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A Degree of Disappointment

by Chester E. Finn Jr.via Hoover Digest
Friday, April 20, 2018

“College for all” has diluted the value of a bachelor’s degree and diverted many young people from better paths toward the working world.

Analysis and Commentary

Can Social Studies Get Even Worse?

by Chester E. Finn Jr.via Flypaper (Fordham Education Blog)
Wednesday, April 18, 2018

Way back when you were young (i.e., 2003), the Thomas B. Fordham Foundation published a hard-hitting report titled Where Did Social Studies Go Wrong? It lamented the manifest failures of social-studies education, identified a number of culprits, and recommended a series of fundamental rethinks and reforms.

Analysis and Commentary

Virtues—And Sins—Of Commission

by Chester E. Finn Jr.via Flypaper (Fordham Education Blog)
Friday, February 16, 2018

For the past year and a half, I’ve been honored to represent the State Board of Education on the Maryland Commission on Innovation & Excellence in Education, which released its preliminary report this week. Much heavy lifting lies ahead as Commission members work with staff and consultants to put flesh on the bones of our broad policy recommendations and to cost them out.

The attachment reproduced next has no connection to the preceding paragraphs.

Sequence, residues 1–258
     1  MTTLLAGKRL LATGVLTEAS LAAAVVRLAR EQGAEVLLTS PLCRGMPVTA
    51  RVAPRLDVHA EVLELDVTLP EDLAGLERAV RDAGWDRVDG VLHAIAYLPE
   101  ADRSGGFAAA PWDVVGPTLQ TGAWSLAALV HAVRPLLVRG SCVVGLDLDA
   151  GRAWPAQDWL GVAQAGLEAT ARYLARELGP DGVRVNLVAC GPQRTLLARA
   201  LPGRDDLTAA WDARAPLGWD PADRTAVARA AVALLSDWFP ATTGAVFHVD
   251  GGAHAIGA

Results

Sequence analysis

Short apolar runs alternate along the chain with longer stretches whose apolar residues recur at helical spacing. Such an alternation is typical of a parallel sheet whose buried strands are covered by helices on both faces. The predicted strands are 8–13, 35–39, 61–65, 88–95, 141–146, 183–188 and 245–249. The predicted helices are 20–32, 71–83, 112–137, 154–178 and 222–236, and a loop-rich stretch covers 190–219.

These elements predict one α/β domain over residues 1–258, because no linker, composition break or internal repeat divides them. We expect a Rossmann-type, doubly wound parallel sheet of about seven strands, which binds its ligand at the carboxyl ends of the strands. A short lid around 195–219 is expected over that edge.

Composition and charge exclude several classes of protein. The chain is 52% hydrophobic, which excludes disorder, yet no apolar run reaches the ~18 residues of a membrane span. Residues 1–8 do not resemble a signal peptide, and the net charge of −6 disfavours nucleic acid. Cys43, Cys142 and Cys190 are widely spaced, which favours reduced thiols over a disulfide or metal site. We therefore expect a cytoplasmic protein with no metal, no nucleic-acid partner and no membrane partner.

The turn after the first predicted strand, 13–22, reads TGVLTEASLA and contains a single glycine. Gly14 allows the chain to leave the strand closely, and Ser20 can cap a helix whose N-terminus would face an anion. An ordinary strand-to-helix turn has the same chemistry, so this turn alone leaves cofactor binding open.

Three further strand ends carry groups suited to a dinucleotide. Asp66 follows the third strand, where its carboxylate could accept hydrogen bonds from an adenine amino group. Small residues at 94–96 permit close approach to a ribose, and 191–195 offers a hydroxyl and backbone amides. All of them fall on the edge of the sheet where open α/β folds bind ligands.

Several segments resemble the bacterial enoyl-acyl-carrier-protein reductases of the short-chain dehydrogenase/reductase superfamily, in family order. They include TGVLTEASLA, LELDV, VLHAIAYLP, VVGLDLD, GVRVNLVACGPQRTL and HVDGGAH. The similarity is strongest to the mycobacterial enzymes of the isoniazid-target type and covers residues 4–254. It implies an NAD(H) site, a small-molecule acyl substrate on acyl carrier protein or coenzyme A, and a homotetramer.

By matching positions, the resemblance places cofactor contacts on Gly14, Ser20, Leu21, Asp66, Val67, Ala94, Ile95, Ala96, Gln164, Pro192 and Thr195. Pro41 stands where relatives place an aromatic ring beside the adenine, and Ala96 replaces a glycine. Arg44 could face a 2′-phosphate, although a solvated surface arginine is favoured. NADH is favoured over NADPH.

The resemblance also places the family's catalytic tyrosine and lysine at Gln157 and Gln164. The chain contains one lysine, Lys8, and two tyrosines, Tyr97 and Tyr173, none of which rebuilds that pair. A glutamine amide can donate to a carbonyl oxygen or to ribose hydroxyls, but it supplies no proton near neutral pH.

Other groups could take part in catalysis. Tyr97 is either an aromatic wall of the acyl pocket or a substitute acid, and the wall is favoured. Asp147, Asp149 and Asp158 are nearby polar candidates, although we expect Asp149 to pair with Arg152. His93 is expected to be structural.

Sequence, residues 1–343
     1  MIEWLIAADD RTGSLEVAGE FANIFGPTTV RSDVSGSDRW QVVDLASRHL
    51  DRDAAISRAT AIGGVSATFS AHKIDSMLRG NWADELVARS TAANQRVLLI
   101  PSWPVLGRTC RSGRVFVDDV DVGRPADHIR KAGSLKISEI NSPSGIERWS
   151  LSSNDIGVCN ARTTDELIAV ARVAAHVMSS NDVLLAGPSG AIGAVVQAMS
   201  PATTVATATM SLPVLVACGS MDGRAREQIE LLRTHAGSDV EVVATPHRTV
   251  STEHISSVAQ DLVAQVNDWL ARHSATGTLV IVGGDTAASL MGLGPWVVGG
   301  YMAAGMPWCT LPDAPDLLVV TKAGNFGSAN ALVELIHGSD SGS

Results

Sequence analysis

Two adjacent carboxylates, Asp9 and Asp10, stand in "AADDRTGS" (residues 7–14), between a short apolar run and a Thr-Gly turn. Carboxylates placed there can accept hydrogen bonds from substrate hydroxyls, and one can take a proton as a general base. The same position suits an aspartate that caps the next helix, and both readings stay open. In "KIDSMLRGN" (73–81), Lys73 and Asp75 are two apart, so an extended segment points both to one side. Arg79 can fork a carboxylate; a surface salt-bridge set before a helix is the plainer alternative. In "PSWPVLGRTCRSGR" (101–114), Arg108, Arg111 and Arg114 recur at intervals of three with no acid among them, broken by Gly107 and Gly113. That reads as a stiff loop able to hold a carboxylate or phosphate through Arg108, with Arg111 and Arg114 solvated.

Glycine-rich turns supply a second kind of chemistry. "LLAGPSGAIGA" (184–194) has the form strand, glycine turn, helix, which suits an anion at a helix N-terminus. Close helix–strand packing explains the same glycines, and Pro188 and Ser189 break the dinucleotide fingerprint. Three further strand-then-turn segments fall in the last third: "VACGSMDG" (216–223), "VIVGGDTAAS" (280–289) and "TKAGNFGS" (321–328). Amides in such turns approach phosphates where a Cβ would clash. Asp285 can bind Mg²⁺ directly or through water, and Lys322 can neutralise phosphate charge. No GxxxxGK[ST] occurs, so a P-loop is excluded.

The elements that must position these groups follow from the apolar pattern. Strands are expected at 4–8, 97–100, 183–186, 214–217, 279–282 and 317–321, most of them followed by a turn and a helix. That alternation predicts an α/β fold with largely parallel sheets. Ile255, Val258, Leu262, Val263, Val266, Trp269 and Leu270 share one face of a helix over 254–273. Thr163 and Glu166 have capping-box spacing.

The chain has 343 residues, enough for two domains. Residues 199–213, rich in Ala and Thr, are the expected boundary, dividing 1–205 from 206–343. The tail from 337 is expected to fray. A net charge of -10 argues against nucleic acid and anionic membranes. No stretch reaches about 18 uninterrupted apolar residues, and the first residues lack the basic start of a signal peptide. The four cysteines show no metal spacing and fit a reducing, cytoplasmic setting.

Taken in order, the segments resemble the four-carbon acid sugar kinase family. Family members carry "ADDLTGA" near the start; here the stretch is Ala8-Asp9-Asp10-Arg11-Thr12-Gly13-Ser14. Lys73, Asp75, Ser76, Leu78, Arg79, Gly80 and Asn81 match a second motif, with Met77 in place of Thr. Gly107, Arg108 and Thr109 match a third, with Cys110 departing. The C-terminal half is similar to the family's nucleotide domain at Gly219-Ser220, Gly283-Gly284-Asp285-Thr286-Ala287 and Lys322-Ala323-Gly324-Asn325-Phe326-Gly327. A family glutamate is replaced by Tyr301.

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Truth Decay In Education

by Chester E. Finn Jr.via Defining Ideas
Tuesday, February 13, 2018

The emphasis on “critical thinking” is misplaced. Students need to learn the facts.

Analysis and Commentary

Narrowing The Gifted Gap For Disadvantaged Students

by Chester E. Finn Jr., Amber M. Northernvia EducationNext
Friday, February 9, 2018